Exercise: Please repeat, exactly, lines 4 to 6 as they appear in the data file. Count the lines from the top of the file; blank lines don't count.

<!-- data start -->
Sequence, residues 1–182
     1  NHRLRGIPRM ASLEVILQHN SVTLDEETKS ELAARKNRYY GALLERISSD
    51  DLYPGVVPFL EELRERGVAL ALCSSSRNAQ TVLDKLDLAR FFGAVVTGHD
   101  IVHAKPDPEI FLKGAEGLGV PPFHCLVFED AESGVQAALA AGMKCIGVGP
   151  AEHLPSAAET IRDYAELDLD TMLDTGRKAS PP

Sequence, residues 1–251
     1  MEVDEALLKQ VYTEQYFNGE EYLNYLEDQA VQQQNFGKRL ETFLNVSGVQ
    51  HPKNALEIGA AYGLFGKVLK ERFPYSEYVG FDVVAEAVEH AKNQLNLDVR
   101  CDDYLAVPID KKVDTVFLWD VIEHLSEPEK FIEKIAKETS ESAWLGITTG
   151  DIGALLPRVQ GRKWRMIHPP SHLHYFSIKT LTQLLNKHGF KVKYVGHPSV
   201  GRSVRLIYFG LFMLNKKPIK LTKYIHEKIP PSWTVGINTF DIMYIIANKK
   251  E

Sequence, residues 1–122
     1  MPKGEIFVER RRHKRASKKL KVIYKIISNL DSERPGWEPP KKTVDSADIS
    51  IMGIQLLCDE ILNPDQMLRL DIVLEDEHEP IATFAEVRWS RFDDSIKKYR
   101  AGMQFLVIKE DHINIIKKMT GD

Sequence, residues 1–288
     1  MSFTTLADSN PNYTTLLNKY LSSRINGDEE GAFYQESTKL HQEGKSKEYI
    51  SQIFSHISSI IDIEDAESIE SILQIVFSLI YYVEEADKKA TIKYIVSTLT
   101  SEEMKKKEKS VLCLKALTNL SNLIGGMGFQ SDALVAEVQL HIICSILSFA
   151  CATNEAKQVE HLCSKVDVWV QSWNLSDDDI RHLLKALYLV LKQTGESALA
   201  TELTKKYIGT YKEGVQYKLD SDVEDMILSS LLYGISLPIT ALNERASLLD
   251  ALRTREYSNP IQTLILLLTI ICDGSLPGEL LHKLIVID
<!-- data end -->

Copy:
   101  IVHAKPDPEI FLKGAEGLGV PPFHCLVFED AESGVQAALA AGMKCIGVGP
   151  AEHLPSAAET IRDYAELDLD TMLDTGRKAS PP

Sequence, residues 1–251